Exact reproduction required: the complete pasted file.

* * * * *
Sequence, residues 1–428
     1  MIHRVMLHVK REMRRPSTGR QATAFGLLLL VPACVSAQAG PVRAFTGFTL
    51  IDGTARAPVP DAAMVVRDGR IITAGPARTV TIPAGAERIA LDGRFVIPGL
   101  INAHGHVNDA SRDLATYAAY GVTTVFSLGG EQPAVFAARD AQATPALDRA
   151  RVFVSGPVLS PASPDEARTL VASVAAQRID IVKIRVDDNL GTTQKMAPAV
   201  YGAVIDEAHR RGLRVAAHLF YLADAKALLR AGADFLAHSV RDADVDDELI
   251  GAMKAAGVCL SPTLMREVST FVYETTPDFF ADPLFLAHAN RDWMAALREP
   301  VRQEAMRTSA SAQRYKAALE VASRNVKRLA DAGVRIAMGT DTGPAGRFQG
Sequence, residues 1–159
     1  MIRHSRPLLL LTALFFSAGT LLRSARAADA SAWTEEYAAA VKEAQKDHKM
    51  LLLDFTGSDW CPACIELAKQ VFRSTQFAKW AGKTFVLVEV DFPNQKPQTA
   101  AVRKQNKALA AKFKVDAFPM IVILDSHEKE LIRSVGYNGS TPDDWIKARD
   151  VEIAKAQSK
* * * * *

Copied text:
Sequence, residues 1–428
     1  MIHRVMLHVK REMRRPSTGR QATAFGLLLL VPACVSAQAG PVRAFTGFTL
    51  IDGTARAPVP DAAMVVRDGR IITAGPARTV TIPAGAERIA LDGRFVIPGL
   101  INAHGHVNDA SRDLATYAAY GVTTVFSLGG EQPAVFAARD AQATPALDRA
   151  RVFVSGPVLS PASPDEARTL VASVAAQRID IVKIRVDDNL GTTQKMAPAV
   201  YGAVIDEAHR RGLRVAAHLF YLADAKALLR AGADFLAHSV RDADVDDELI
   251  GAMKAAGVCL SPTLMREVST FVYETTPDFF ADPLFLAHAN RDWMAALREP
   301  VRQEAMRTSA SAQRYKAALE VASRNVKRLA DAGVRIAMGT DTGPAGRFQG
Sequence, residues 1–159
     1  MIRHSRPLLL LTALFFSAGT LLRSARAADA SAWTEEYAAA VKEAQKDHKM
    51  LLLDFTGSDW CPACIELAKQ VFRSTQFAKW AGKTFVLVEV DFPNQKPQTA
   101  AVRKQNKALA AKFKVDAFPM IVILDSHEKE LIRSVGYNGS TPDDWIKARD
   151  VEIAKAQSK